Autumn is a time when even grass can become a beautifully colored photograph. Grasses are a very diverse plant group and can be found in a huge range of climates, colors and sizes. Mibora minima is the smallest grass which grows between 2-15 centimeters tall, whereas the largest grass which is actually a bamboo can reach a height of 30 meters (98 feet)! Grass grows on every continent and in every climate even in Antarctica, and so can be a colorful and very hardy addition to any garden. Happy weekend everyone!
Can you spot the emu? This photo was taken on a Western Australian highway on a road trip from Exmouth to Monkey Mia, with a stop at Coral Bay. Coral Bay is a beautiful area where the Ningaloo Reef stretches along the coast just a short swim off the beach – a must see location for snorkelers. Monkey Mia is a famous location in WA where dolphins swim into incredibly shallow waters to get fed and interact with humans. On this remote stretch of road you will witness a very dry landscape with expanses of red dirt to either side. You may see small leafless shrubs with adorable tiny goats huddled underneath trying to seek refuge from the hot sun. Closer to the coast the shrubs get larger and slightly greener, and you may be lucky enough to catch a glimpse of some emus running across the land, darting in amongst the shrubs after being spooked by your car. They remind me of the Looney Tunes character the Roadrunner (with Wile E. Coyote), except that real roadrunners run at a speed of 20 mph (32 km/h), whilst emus can run at 31 mph (50 km/h). Below is a close up photo just in case he ran so fast you missed him!
Click here for posts on other Australian wildlife.
Here in New York we just experienced a very cold and bleak Sunday which was not worth leaving the house for. This Monday morning is equally dreary, depressing and cold. To combat the Monday morning blues, I want to share the painting I did yesterday. I set out to paint something so ‘hurt your eyes’ bright which could compensate for the lack of sunshine outside, and this pink daisy made my day. I hope it is enough brighten up your Monday!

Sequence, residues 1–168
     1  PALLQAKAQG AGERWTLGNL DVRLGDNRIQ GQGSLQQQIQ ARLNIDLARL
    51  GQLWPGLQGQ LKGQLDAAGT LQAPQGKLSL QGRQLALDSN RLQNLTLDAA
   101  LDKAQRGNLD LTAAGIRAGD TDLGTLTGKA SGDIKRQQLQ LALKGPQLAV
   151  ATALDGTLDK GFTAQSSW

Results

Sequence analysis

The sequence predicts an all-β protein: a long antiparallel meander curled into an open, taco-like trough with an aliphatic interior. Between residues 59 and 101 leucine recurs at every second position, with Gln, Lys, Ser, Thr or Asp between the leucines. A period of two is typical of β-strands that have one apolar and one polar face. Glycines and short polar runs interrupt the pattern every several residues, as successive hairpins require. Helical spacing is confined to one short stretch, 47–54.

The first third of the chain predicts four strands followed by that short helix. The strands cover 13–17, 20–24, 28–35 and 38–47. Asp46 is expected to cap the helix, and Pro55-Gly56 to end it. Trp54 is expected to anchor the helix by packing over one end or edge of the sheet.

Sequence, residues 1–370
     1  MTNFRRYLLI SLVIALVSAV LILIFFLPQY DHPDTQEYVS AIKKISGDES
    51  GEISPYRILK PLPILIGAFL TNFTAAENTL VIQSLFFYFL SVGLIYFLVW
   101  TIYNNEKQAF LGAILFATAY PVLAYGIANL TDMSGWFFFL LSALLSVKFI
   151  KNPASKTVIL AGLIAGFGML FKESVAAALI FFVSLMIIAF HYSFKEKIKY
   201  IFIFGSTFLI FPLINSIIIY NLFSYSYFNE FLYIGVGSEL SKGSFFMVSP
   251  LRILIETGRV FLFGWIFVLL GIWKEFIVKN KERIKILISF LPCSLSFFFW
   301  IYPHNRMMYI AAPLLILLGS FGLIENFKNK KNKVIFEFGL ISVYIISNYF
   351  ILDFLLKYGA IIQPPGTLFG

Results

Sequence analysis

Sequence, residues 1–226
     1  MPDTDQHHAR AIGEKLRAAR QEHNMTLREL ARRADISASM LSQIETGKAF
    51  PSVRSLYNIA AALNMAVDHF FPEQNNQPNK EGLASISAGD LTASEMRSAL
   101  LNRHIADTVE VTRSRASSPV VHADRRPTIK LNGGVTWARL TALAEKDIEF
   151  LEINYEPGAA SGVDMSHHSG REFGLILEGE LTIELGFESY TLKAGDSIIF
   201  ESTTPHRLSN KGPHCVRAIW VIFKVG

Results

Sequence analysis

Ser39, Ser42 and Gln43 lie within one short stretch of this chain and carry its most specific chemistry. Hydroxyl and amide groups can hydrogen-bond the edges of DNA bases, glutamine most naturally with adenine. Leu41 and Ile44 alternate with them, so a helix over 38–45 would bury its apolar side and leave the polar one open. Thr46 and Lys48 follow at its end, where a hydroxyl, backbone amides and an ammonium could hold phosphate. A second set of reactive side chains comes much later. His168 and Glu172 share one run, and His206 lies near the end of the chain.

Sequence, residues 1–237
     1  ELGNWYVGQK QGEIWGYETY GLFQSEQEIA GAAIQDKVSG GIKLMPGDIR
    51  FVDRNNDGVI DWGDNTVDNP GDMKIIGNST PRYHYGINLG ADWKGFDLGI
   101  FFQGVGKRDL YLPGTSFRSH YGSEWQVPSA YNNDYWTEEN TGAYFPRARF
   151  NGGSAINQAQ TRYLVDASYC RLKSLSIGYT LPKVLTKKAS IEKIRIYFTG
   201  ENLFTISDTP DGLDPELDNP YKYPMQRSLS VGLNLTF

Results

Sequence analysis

Today is an extra special Friday… the one year anniversary of my blog!!! I want to thank everyone (all of my followers) for your support which has made blogging the wonderful experience it has been so far. Today I am breaking Friday tradition, and instead I want to share with you an alternate photo of one of my earliest posts. The original photo below (click here for original post) was of a peaceful Western Australian seascape with well behaved, black and white cormorants. Todays photo above was taken just moments before that one, the cormorants squabbling over a territorial dispute involving expensive waterfront real estate. Together these photos are the perfect metaphor for how quickly life can change in a mere moment, and that no matter how ugly a current situation is, the calm will eventually arrive.
Early on in my blog I also had a post on my battle with anxiety, especially bad when I travel on airplanes (click here for post). I am proud to say that two days ago I was courageous enough to fly alone for the first time in about 10 years. It wasn’t a great experience with definite moments of panic, but I calmed myself down and I made it. I did it by myself and I can be very proud of that! So here is to the incredible changes that one minute, one hour, or one year of time can bring to someone’s life. Happy Weekend Everyone!!!
Today I present to you this fly……on a flower. This fly is called a green bottle fly because of the shiny metallic green color of its body. Flies such as these have very important uses in both forensic science and medicine. They are often the first flies to arrive at a human or animal carcass, and this is where they can begin their lifecycle – A female will lay about 200 eggs which hatch and become larvae in 1-3 days, fully developed larvae in 3-10 days, and pupal development takes 6-14 days after which an adult fly emerges. Forensic investigators can use this knowledge to approximate the length of time a deceased has been dead.
These flies (or more correctly, the maggots) are used by doctors to treat wounds which are unresponsive to conventional treatments. They eat away the dead tissue and bacteria, and also secrete antimicrobial enzymes which together prevents infection and allows healthy tissue to grow successfully. Given the increasing resistance of bacteria to known antibiotics, this may just become the medicine of the future. Sorry to give such a literal example of making your skin crawl….
Happy weekend everyone!